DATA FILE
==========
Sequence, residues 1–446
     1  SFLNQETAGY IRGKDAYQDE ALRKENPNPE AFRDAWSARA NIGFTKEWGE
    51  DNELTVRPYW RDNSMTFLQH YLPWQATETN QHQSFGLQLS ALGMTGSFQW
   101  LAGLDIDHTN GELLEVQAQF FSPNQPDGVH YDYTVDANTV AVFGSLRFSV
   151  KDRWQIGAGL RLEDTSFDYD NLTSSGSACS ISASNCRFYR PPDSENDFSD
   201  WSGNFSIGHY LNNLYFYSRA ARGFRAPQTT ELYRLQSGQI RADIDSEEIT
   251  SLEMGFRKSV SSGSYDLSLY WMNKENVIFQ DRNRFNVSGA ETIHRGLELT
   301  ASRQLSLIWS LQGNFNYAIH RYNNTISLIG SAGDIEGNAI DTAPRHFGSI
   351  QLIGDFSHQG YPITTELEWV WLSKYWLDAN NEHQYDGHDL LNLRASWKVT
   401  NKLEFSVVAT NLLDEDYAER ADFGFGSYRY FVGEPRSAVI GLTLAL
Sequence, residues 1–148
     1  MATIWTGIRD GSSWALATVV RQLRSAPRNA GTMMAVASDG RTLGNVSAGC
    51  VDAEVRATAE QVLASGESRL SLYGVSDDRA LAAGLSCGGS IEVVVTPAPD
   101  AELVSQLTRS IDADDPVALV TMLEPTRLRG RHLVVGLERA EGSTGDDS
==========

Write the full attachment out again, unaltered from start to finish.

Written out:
Sequence, residues 1–446
     1  SFLNQETAGY IRGKDAYQDE ALRKENPNPE AFRDAWSARA NIGFTKEWGE
    51  DNELTVRPYW RDNSMTFLQH YLPWQATETN QHQSFGLQLS ALGMTGSFQW
   101  LAGLDIDHTN GELLEVQAQF FSPNQPDGVH YDYTVDANTV AVFGSLRFSV
   151  KDRWQIGAGL RLEDTSFDYD NLTSSGSACS ISASNCRFYR PPDSENDFSD
   201  WSGNFSIGHY LNNLYFYSRA ARGFRAPQTT ELYRLQSGQI RADIDSEEIT
   251  SLEMGFRKSV SSGSYDLSLY WMNKENVIFQ DRNRFNVSGA ETIHRGLELT
   301  ASRQLSLIWS LQGNFNYAIH RYNNTISLIG SAGDIEGNAI DTAPRHFGSI
   351  QLIGDFSHQG YPITTELEWV WLSKYWLDAN NEHQYDGHDL LNLRASWKVT
   401  NKLEFSVVAT NLLDEDYAER ADFGFGSYRY FVGEPRSAVI GLTLAL
Sequence, residues 1–148
     1  MATIWTGIRD GSSWALATVV RQLRSAPRNA GTMMAVASDG RTLGNVSAGC
    51  VDAEVRATAE QVLASGESRL SLYGVSDDRA LAAGLSCGGS IEVVVTPAPD
   101  AELVSQLTRS IDADDPVALV TMLEPTRLRG RHLVVGLERA EGSTGDDS